Wednesday, October 30, 2002

Progress, Scientific and Moral?

The Bush administration is now calling research embryos "human subjects" in the charter of the federal advisory committee responsible for the safety of research volunteers. This new status of embryos does not mandate that they be given the same protections as fetuses, but it has some scientists up in arms. Robert Rich, executive associate dean of research at Emory University School of Medicine, is concerned that the change in language will "serve to politicize the reconstituted committee," and complained that the issue of research on embryos "is governed by emotions and beliefs and is really not amenable to rational or scientific discourse."

Natural scientist that he is, Dean Rich is apparently not satisfied with answers to questions that are less than mathematically precise, as answers to political and moral questions often are; his neat, abstract thinking prevents him from taking the messiness of human emotions seriously. Therefore, he proposes to eliminate the questions; in his view, science should be off-limits to political scrutiny. Unacknowledged in this sentiment is the questionable assumption that scientific progress necessarily means moral and political progress. Additionally, it is assumed that the desire to heal is somehow beyond or above normal political debate; it is self-evidently noble and therefore untouchable. All of this, of course, exhibits the typical thoughtlessness of scientists when they are confronted with moral and political questions. The problem is not that political and moral questions do not admit of scientific analysis; it is that modern natural scientists are so mired in the prejudice that they simply confer benefits on humanity at large that they cannot think rationaly about what they do and about the consequences of their activities. They are irrational about their brand of rationalism. They are fanatics.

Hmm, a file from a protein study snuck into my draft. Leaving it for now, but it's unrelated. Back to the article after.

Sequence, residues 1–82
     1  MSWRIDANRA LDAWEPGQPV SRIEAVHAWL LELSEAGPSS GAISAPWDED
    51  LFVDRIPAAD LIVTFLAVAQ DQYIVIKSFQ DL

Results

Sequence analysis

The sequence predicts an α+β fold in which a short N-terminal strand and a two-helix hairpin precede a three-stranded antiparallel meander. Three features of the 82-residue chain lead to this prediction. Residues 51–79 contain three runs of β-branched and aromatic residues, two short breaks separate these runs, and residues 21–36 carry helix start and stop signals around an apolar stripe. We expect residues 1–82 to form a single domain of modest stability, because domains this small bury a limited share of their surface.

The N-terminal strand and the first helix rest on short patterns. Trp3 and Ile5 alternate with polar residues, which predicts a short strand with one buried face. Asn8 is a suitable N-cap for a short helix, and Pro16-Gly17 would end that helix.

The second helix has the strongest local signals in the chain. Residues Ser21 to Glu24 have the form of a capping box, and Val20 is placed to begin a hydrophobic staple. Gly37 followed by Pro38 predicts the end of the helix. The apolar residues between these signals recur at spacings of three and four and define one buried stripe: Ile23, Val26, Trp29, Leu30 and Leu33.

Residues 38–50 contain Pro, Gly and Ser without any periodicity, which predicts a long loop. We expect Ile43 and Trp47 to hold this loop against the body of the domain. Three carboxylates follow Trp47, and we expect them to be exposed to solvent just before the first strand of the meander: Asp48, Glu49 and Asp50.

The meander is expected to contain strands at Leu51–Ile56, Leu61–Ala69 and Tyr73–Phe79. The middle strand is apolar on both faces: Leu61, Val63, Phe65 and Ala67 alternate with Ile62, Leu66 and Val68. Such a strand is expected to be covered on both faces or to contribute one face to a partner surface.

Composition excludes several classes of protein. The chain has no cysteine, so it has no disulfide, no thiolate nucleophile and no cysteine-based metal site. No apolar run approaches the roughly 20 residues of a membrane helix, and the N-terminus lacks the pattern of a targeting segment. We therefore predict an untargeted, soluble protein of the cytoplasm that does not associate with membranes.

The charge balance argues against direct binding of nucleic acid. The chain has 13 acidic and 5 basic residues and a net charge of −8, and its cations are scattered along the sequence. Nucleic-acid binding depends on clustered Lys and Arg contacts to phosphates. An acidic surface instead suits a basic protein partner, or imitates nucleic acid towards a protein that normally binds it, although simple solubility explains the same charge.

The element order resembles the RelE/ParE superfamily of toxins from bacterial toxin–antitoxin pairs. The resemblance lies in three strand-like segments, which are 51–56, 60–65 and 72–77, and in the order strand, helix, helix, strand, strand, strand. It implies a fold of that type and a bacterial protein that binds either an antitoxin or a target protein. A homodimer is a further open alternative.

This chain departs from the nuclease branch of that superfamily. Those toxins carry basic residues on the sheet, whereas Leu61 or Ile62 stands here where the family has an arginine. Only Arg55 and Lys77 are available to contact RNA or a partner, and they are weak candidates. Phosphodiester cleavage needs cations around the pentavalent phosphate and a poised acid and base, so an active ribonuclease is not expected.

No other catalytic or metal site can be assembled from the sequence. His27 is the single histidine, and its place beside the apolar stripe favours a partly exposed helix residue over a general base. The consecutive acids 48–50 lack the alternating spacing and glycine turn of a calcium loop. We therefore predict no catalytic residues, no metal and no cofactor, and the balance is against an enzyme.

Luckily, Leon Kass is not the typical natural scientist, despite his impeccable scientific credentials. His council's report on human cloning which IA summarized previously is precisely what most natural scientists need to read. Among the serious issues that the Kass Council raises in its report are the relationship of one generation to the next, the limits of parenthood, the implications for human dignity of cloning-for-reasearch, and the proper posture of the physician and science on healing and death. The very freedom that Dean Rich demands for science may very well prohibit embryonic manipulation and the tyrannizing of one generation by another (indeed cloning is so bizarre that it is difficult to use the word "generation" in describing the differences between a sexually generated being and an asexually generated one). Moreover, the benefit to the sick and dying that Dean Rich demands (he really is as emotionally-motivated as anyone), may conflict with human dignity; overcoming death at any cost may not be so noble. Scientists like Dean Rich have obviously thought so little both about these important questions which they dismiss as "emotional" and not amenable to scienctific discourse and about their own emotional investment in their activities that it is difficult to know where to begin in educating them. The Kass Council's report is a good a place as any for them to embark on a deeper kind of learning than they are accustomed.


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